The Birthday Series – Weird Science (1985)
The saga continues. As I’m approaching yet another birthday (sigh!), it’s time to celebrate the films that were lucky enough to be released at the start of August. 1985 gave us John Hughes’ take on the ‘Bride of Frankenstein’, ‘Weird Science’.
I’m a big fan of John Hughes’ 80’s films. He created a CV filled with great comedies, and also brought a distinctive voice that defined a genre. Planes, Trains and Automobiles is one of my favourite comedies of all time, but it was his teen movie trifecta Ferris Bueller’s Day Off, Sixteen Candles, and The Breakfast Club that took the sleaze out of movies aimed at teen’s and replaced it with knowing and heart. The strongest aspect of his teen films is that they don’t exploit teenagers and portray them all as crass, moronic, sex-obsessed misfits. Hughes was able to identify with the awkward years, the problems, the pressure and the hurry to grow up. Why, at that age, are we in a rush to grow up? Being a grown up sucks. Work, bills, responsibility. Where’s the fun in that? Hughes knew that every teenager thinks their problem is the biggest problem anyone’s ever faced, and that no one understands, especially not adults, and he created a body of work that showed teen’s that their problems were not unique to themselves. They were universal. Teens had faced the same problems before, and they will face them again. They will survive their teenage years.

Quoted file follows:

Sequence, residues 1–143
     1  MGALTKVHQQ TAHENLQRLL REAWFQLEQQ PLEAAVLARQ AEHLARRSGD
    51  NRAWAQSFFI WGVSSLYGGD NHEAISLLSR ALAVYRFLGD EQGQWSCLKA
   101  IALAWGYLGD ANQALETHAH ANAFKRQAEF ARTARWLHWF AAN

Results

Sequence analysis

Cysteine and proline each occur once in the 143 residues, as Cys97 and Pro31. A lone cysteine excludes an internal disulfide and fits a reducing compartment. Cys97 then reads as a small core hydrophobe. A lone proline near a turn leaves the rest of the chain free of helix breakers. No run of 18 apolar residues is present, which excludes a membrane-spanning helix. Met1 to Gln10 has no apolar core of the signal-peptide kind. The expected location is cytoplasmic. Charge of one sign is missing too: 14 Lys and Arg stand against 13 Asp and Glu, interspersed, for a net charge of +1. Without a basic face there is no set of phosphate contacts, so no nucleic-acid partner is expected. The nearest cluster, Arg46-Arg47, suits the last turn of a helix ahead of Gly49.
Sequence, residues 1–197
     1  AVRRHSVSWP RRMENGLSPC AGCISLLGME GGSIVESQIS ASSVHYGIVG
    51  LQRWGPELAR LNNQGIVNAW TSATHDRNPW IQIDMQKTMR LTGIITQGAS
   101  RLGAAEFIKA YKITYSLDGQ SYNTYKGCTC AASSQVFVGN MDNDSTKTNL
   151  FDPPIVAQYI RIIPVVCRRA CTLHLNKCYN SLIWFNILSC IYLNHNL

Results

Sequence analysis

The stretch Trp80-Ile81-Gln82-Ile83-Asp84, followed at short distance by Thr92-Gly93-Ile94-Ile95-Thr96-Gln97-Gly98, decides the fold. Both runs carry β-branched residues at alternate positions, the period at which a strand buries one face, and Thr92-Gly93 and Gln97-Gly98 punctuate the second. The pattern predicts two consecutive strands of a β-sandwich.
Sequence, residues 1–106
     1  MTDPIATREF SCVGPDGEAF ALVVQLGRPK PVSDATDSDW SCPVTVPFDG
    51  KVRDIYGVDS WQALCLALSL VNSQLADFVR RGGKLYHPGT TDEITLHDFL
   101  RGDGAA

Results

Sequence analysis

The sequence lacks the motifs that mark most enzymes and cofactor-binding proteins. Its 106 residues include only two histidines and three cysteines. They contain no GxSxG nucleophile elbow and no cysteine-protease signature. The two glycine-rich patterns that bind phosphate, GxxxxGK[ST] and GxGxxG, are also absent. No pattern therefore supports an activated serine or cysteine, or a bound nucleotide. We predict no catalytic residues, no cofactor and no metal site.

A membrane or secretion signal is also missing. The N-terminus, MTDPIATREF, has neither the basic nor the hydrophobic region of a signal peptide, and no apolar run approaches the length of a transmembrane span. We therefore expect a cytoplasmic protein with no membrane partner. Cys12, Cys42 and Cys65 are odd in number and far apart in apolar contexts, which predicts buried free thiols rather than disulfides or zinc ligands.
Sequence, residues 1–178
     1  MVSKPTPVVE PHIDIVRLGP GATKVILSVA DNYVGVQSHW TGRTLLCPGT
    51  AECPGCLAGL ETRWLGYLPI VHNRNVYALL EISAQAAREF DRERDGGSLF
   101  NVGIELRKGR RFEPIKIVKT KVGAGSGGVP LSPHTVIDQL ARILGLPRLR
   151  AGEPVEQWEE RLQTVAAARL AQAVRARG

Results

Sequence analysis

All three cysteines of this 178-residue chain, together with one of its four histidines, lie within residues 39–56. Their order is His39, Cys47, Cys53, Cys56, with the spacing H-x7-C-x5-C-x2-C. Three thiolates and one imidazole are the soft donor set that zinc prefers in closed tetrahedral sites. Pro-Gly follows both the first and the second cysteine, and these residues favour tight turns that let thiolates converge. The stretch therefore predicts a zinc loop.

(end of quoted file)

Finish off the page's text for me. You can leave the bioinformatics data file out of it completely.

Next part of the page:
‘Weird Science’ sticks out like a sore thumb against his other films. This is not to say it doesn’t deal with the traditional John Hughes themes, but it’s the only film that embraces fantasy. All his other films are based in a plausible reality, and the comedy is mostly based around observation. ‘Weird Science’ begins the same way, but very quickly becomes a special effects fantasy, with outrageous set pieces, and physical, slapstick humour. Doing so, it loses a lot of the Hughes charm along the way.
Gary and Wyatt (Anthony Michael Hall and Ilan Mitchell-Smith) are unpopular nerds in Shermer, Illinois. After being humiliated (for the umpteenth time, I’m guessing) in front of a gymnasium full of girls they come up with a scheme to create the perfect woman on a computer. A simulation that will provide them with the answers to all their questions on the most important problem facing a teenage boy… How to get girls. Naturally, the boys scan in playboy centrefolds and lingerie catalogues, but in a savvy move they also scan in theories by Einstein, sports knowledge, and pop culture interests. They want this chick to be smart and cool as well. Needing more juice than a 1985 computer can provide, they tap into a local mainframe, creating a power surge and electrical storm. Frankenstein’s monster appears, in the shapely form of Lisa (Kelly LeBrock). “What would you little maniacs like to do first?”